Monday, February 28, 2005

The March Harper's has an article on American soldiers gone AWOL. There are a few, I think, who went to Iraq and (for whatever reason) don't want to go back. But what strikes me more are the ones who went into basic training and immediately found themselves desperate to get out. Part of the reason for that is what basic training has become, and why. First, the why:

Despite our entertainment industry telling us otherwise, it is not easy to kill. In his groundbreaking and highly influential study of World War II firing rates, S.L.A. Marshall ... interviewed soldiers fresh from battle and found that only 15 to 20 percent of the combat infantry were willing to fire their weapons ... even when their life or the lives of their comrades were threatened. When Medical Corps psychiatrists studied combat fatigue cases in the European Theater, they found that "fear of killing, rather than fear of being killed, was the most common cause of battle failure in the individual." ...

And the effect of his findings on the military has been profound. As Lietenant Colonel Dave Grossman notes in his book On Killing: The Psychological Cost of Learning to Kill in War and Society, "A firing rate of 15 to 20 percent among soldiers is like having a literacy rate of 15 to 20 percent among proofreaders. Once those in authority realized the existence and magnitude of the problem, it was only a matter of time until they solved it."

By the Korean War, the firing rate had gone up to 55 percent; in the Vietnam war, it was around 90 to 95 percent. How did the military achieve this? As Grossman writes, "Since World War II, a new era has quietly dawned in modern warfare: an era of psychological warfare ... conducted not upon the enemy, but upon one's own troops. ... The triad of mechanisms used to achieve this remarkable increase in killing are desensitization, condition, and denial defense mechanisms."

So, there it is -- for the grunts, that's what the modern army does: it efficiently strips away their inhibitions against killing, and gives them ways to rationalize it, by intense psychological manipulation of the recruits. It's no wonder that troops who recognize what is happening to them, and don't like it, find themselves desperate to get away. The process is new enough, and little known enough, that they really didn't know what to expect.

I won't start preaching here about how evil this is, because I'm not at all sure that's right. If you're going to have an army at all, the people on the front lines have to be effective killers. That's what armies do. And having them trained to do it effectively has benefits for the rest of us: the more efficient they are, the fewer of them we need, and the less the rest of us need to get dragged into it. To a point.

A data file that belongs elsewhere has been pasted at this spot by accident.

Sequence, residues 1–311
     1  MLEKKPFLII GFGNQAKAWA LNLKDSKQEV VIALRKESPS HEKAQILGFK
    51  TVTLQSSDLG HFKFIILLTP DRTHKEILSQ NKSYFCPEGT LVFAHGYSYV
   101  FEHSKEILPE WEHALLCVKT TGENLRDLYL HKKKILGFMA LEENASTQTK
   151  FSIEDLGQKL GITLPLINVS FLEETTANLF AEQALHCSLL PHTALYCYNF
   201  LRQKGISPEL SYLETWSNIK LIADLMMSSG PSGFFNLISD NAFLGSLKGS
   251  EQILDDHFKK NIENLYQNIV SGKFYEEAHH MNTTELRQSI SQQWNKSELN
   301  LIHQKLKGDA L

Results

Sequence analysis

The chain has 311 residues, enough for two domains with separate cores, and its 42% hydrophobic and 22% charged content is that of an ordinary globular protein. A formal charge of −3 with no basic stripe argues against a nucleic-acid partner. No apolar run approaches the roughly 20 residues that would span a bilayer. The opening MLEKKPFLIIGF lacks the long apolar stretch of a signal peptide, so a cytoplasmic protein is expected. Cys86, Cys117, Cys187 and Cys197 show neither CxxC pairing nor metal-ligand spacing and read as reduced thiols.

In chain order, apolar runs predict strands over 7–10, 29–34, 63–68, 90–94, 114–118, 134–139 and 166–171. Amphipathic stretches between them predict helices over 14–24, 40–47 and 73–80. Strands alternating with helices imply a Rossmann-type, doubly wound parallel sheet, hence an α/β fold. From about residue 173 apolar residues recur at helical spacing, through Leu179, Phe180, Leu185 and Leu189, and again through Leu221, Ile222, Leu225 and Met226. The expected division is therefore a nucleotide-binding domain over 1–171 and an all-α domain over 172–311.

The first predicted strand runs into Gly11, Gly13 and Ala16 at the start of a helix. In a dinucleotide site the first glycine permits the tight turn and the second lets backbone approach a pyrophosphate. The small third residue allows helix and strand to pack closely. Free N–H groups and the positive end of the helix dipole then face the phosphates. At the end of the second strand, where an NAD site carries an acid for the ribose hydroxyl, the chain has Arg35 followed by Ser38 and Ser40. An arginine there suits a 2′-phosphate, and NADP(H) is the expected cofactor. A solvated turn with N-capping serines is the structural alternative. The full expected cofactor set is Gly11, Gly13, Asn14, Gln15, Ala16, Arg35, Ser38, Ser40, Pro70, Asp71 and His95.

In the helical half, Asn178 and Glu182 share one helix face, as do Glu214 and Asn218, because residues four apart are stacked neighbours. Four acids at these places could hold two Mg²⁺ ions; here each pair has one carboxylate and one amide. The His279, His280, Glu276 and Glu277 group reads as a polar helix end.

The point where this logic reaches its end is when the army is deployed for tasks where efficient killing machines are not what is wanted -- where the normal hesitation to kill would be useful, and where hair-trigger firing and the "us against them" view of the world which the modern army demands cause far more problems than they solve. To put it bluntly: in combat, that attitude breeds success. In peacekeeping and law enforcement, in a society where any misstep is likely to start a blood feud, it's a bloody disaster. And that bloody disaster has played out repeatedly, by now, in Iraq.

If "supporting the troops" means anything at all, it means that the rest of us should work to make sure that when they are deployed, it is in a way that maximizes the chances that they can succeed. That obviously hasn't been a concern of Dubya's crew -- witness the laggardness and continued profiteering "contract anomalies" on armorplate for Humvees.

But to succeed, the troops need to be mentally, as well as physically, equipped. Dubya and Rummy sent an undermanned crew of trained killing machines into a nation-building exercise demanding the peacekeeping, diplomacy, and mediation skills of a good community policing squad. I've argued elsewhere that as an anti-terror measure, the attack on Iraq was bad strategy -- Saddam wasn't supporting anti-American terror much if at all, and it was a distraction from, among other things, continued action in Afghanistan which matters far more. It's just their way, I guess, to back up their bad strategy with phenomenally bad tactics.


Blogger lightning said...

Soldiers are not cops. Cops are not soldiers. Politicians have never been able to tell the difference.

5:05 PM  
Blogger Sam Dodsworth said...

Maybe the army needs to train more 'cops' and fewer 'soldiers', then?

6:29 AM  
Anonymous Anonymous said...